Run MXNet on Multiple CPU/GPUs with Data Parallelism¶
MXNet supports training with multiple CPUs and GPUs, which may be located on different physical machines.
Data Parallelism vs Model Parallelism¶
By default, MXNet uses data parallelism to partition the workload over multiple devices. Assume there are n devices. Then each one will receive a copy of the complete model and train it on 1/n of the data. The results such as gradients and updated model are communicated across these devices.
MXNet also supports model parallelism. In this approach, each device holds onto only part of the model. This proves useful when the model is too large to fit onto a single device. As an example, see the following tutorial which shows how to use model parallelism for training a multi-layer LSTM model. In this tutorial, we’ll focus on data parallelism.
Multiple GPUs within a Single Machine¶
By default, MXNet partitions a data batch evenly among the available GPUs. Assume a batch size b and assume there are k GPUs, then in one iteration each GPU will perform forward and backward on b/k examples. The gradients are then summed over all GPUs before updating the model.
How to Use¶
To use GPUs, we need to compile MXNet with GPU support. For example, set
make. (see MXNet installation guide for more options).
If a machine has one or more GPU cards installed,
then each card is labeled by a number starting from 0.
To use a particular GPU, one can either
specify the context
context in code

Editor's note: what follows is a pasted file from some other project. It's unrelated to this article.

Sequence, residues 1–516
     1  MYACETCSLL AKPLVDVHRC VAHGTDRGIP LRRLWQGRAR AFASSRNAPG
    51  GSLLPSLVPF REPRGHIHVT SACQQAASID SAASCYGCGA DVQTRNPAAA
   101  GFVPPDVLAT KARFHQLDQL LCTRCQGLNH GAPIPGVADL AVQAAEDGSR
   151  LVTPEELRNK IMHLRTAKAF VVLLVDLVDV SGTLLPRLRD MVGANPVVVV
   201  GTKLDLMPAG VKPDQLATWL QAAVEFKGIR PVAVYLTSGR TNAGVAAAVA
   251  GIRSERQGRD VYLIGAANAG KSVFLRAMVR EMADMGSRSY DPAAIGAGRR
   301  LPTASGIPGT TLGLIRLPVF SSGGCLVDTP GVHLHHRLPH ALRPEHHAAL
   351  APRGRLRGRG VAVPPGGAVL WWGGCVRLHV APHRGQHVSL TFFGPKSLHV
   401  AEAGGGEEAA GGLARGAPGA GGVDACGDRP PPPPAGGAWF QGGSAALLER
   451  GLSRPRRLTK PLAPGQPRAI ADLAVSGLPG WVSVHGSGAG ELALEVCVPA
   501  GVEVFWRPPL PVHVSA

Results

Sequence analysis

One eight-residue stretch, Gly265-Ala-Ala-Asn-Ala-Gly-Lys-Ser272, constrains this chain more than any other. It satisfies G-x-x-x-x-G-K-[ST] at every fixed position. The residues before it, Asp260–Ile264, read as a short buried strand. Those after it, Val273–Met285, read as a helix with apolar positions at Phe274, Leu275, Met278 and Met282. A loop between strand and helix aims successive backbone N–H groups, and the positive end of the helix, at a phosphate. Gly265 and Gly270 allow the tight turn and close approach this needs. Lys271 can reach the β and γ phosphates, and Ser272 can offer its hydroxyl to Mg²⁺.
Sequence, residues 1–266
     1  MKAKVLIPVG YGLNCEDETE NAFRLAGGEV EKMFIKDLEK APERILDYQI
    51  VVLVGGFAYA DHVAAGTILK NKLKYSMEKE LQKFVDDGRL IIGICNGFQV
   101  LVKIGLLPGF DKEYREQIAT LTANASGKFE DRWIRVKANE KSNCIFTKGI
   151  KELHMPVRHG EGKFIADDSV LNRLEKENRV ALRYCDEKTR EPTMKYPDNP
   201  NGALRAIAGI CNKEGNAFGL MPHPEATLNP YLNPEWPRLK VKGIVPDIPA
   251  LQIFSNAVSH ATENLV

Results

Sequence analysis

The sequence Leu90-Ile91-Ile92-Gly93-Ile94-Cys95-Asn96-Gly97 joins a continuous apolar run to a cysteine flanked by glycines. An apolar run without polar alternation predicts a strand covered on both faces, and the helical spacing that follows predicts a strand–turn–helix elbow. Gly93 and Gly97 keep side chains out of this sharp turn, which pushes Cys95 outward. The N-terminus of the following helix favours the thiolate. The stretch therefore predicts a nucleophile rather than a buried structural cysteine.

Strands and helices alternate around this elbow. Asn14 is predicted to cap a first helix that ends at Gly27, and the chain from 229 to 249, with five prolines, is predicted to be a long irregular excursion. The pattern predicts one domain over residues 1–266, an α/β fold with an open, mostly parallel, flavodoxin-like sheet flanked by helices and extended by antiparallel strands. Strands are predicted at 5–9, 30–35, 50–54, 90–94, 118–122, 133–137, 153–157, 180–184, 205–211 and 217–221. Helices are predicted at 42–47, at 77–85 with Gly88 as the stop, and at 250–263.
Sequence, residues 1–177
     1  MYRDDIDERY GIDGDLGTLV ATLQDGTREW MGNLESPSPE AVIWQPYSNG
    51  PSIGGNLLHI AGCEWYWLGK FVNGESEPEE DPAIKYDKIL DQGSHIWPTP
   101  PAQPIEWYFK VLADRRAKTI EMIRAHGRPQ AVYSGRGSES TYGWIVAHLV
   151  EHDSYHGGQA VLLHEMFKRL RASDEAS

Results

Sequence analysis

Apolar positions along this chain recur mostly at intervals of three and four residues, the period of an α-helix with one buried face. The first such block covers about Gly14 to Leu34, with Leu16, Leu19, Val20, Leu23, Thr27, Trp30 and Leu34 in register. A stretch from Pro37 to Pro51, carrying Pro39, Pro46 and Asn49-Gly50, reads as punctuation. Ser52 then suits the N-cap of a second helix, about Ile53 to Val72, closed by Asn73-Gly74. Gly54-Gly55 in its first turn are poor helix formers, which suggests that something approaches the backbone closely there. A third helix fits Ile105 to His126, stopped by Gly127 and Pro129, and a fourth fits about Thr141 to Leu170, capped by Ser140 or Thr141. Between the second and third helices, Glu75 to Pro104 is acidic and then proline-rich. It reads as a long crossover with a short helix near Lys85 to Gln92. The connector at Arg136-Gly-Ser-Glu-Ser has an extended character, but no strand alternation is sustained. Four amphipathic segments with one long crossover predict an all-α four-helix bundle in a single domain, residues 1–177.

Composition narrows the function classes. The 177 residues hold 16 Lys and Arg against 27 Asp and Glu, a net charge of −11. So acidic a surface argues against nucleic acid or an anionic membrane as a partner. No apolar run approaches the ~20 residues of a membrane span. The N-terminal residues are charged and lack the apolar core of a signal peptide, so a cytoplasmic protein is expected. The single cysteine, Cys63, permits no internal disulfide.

--gpus at the command line.
For example, to use GPU 0 and 2 in python,
one can typically create a module with
import mxnet as mx module = mx.module.Module(context=[mx.gpu(0), mx.gpu(2)], ...)
while if the program accepts a
--gpus flag (as seen in
then we can try
python train_mnist.py --gpus 0,2 ...
If the available GPUs are not all equally powerful,
we can partition the workload accordingly.
For example, if GPU 0 is 3 times faster than GPU 2,
then we might use the workload option
for more details.
Training with multiple GPUs should yield the same results as training on a single GPU if all other hyper-parameters are the same.f In practice, the results may exhibit small differences, owing to the randomness of I/O (random order or other augmentations), weight initialization with different seeds, and CUDNN.
We can control on which devices the gradient is aggregated
and on which device the model is updated via
the MXNet module that supports data communication.
One can either use
mx.kvstore.create(type) to get an instance
or use the program flag
There are two commonly used types,
local: all gradients are copied to CPU memory and weights are updated there.
device: both gradient aggregation and weight updates are run on GPUs. With this setting, the
KVStorealso attempts to use GPU peer-to-peer communication, potentially accelerating the communication. Note that this option may result in higher GPU memory usage.
When using a large number of GPUs, e.g. >=4, we suggest using
device for better performance.